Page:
Monday, April 21, 2014

Leithart: Lightning, thunder, hail, and the crumbling of the barrier

Peter Leithart on Revelation's unfolding narrative of God's throne breaking down the barrier between heaven and earth:
God’s throne in heaven, like Sinai, flashes with lightning, crashes with thunder (Revelation 4:5). Those throne phenomena are repeated at crucial seams in the book of Revelation, with additions.

After the seventh seal, an angel throws fire to earth, which reproduces the heavenly throne on earth (8:5)—thunder, sounds, lightning, with the appropriate addition of an earthquake.

After the seventh trumpet, the same phenomena appear in heaven (11:19), this time with a hailstorm added.

The scene comes to a climax after the seventh bowl (16:18-21). but this time the earthquake is unprecedented and the hailstones are 100 pounds apiece.

There’s an intensification of the throne phenomena here, but something more. The throne moves from heaven to earth, and as it does it shakes earth. But as it moves, it also brings hail. As James Jordan has suggested, hailstones are, cosmologically, fragments of the firmament. As the throne descends, the barrier between heaven and earth cracks and crumbles.

When it’s all said and done, the heavenly city descends. It can get all the way to earth because the firmament boundary has already been opened. By the end of Revelation, you don’t need doors in the sky to get to heaven, because the walls of heaven have been broken down and heaven has come to earth.

N.T. Wright: Stop trivializing Easter

A gem by N.T. Wright, written a few years back but still quite timely.
The historian must explain why Christianity got going in the first place, why it hailed Jesus as Messiah despite His execution (He hadn't defeated the pagans, or rebuilt the Temple, or brought justice and peace to the world, all of which a Messiah should have done), and why the early Christian movement took the shape that it did. The only explanation that will fit the evidence is the one the early Christians insisted upon - He really had been raised from the dead. His body was not just reanimated. It was transformed, so that it was no longer subject to sickness and death.

Let's be clear: the stories are not about someone coming back into the present mode of life. They are about someone going on into a new sort of existence, still emphatically bodily, if anything, more so. When St Paul speaks of a “spiritual” resurrection body, he doesn't mean “non-material”, like a ghost. “Spiritual” is the sort of Greek word that tells you,not what something is made of, but what is animating it. The risen Jesus had a physical body animated by God's life-giving Spirit. Yes, says St Paul, that same Spirit is at work in us, and will have the same effect - and in the whole world.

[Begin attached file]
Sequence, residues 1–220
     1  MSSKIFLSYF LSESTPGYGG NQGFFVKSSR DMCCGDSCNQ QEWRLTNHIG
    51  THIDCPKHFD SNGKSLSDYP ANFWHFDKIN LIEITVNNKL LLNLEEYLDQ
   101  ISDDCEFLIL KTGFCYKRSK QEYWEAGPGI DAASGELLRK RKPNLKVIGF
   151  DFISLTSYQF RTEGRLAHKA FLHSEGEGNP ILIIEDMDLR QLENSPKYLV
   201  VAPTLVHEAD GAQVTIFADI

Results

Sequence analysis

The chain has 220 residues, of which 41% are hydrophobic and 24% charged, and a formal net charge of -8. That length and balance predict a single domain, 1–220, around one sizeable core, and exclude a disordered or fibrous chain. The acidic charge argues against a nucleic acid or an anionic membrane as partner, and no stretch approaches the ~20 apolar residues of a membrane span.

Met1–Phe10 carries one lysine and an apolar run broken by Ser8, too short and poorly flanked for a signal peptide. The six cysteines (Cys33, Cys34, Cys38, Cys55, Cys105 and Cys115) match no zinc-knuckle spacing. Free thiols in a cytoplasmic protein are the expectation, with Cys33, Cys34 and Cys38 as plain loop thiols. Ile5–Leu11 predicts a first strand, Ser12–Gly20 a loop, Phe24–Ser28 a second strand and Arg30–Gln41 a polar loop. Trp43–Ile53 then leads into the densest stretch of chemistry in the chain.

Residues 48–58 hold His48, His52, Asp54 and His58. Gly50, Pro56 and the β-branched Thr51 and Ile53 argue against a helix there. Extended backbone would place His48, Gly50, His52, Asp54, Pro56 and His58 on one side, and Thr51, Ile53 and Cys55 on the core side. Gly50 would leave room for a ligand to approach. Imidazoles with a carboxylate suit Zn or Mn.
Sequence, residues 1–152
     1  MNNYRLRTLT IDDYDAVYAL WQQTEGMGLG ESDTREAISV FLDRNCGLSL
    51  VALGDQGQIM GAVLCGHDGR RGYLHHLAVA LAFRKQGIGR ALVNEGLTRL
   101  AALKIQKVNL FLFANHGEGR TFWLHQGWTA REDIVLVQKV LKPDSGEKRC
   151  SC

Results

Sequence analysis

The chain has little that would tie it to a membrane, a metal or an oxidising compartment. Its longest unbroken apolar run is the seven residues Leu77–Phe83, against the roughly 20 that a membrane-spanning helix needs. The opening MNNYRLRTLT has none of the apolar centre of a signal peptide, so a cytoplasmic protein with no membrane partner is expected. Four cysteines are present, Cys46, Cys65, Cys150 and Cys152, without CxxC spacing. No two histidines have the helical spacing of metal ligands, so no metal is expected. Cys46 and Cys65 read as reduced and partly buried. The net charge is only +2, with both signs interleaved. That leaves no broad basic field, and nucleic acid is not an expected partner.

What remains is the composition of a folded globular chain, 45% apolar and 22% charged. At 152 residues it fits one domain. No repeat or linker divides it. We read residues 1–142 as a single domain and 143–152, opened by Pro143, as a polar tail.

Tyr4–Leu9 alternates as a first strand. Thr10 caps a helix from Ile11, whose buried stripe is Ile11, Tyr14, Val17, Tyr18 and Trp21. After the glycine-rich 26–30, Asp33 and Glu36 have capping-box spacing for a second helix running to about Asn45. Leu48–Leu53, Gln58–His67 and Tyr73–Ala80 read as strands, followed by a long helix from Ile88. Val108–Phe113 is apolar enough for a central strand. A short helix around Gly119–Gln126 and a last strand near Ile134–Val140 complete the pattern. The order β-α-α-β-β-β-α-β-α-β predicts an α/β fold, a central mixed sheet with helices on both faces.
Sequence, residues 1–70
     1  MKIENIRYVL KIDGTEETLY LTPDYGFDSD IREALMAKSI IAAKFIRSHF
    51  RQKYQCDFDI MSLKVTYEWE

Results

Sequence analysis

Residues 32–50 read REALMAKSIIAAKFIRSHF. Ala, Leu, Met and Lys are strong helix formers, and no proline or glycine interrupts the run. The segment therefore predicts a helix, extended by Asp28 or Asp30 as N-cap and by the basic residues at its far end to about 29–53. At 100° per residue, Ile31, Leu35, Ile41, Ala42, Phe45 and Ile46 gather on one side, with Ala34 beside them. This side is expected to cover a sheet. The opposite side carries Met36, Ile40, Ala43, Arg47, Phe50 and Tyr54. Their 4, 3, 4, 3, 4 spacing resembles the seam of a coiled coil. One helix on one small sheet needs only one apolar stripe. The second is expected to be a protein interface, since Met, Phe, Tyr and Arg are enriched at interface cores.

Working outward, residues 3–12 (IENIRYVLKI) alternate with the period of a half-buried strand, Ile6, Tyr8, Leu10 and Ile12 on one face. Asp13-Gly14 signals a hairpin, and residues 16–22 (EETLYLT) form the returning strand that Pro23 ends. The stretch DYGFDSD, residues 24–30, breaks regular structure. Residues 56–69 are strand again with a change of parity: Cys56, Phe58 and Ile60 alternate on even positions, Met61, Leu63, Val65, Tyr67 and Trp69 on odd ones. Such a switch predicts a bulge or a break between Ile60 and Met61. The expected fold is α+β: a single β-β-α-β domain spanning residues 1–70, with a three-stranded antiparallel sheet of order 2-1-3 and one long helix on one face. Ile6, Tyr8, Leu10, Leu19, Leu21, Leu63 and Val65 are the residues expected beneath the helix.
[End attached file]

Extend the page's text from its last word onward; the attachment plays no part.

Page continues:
Now, suddenly, the real meaning of Easter comes into view, as well as the real reason why it has been trivialised and sidelined. Easter is about a new creation that has already begun. God is remaking His world, challenging all the other powers that think that is their job. The rich, wise order of creation and its glorious, abundant beauty are reaffirmed on the other side of the thing that always threatens justice and beauty - death. Christianity's critics have always sneered that nothing has changed. But everything has. The world is a different place.

Easter has been sidelined because this message doesn't fit our prevailing world view. For at least 200 years the West has lived on the dream that we can bring justice and beauty to the world all by ourselves.

The split between God and the “real” world has produced a public life that lurches between anarchy and tyranny, and an aesthetic that swings dramatically between sentimentalism and brutalism. But we still want to do things our own way, even though we laugh at politicians who claim to be saving the world, and artists who claim “inspiration” when they put cows in formaldehyde.

The world wants to hush up the real meaning of Easter. Death is the final weapon of the tyrant or, for that matter, the anarchist, and resurrection indicates that this weapon doesn't have the last word. When the Church begins to work with Easter energy on the twin tasks of justice and beauty, we may find that it can face down the sneers of sceptics, and speak once more of Jesus in a way that will be heard.

Sunday, April 20, 2014

Easter Message from Bishop Mark Lawrence

As a parish priest I remember telling parishioners, on more than one occasion, "When death comes into your home he brings a lot of unwanted relatives with him." I do not mean relatives or in-laws who may come from out of town for the funeral. The relatives of death to which I refer are grief, fear, loneliness, guilt, shame, anger, depression, even anxiety. Once these come under the roof of your house it is difficult to show them the door. They tend to take up residence, over staying their welcome. Just this morning I read the story of Clint Hill, the secret service agent assigned to Jackie Kennedy during the days some refer to as Camelot. With poignant grief he recalled her words that day almost fifty years ago as the President's wounded head lay in her lap like a modern Pieta, "They shot his head off. Oh Jack, what have they done?"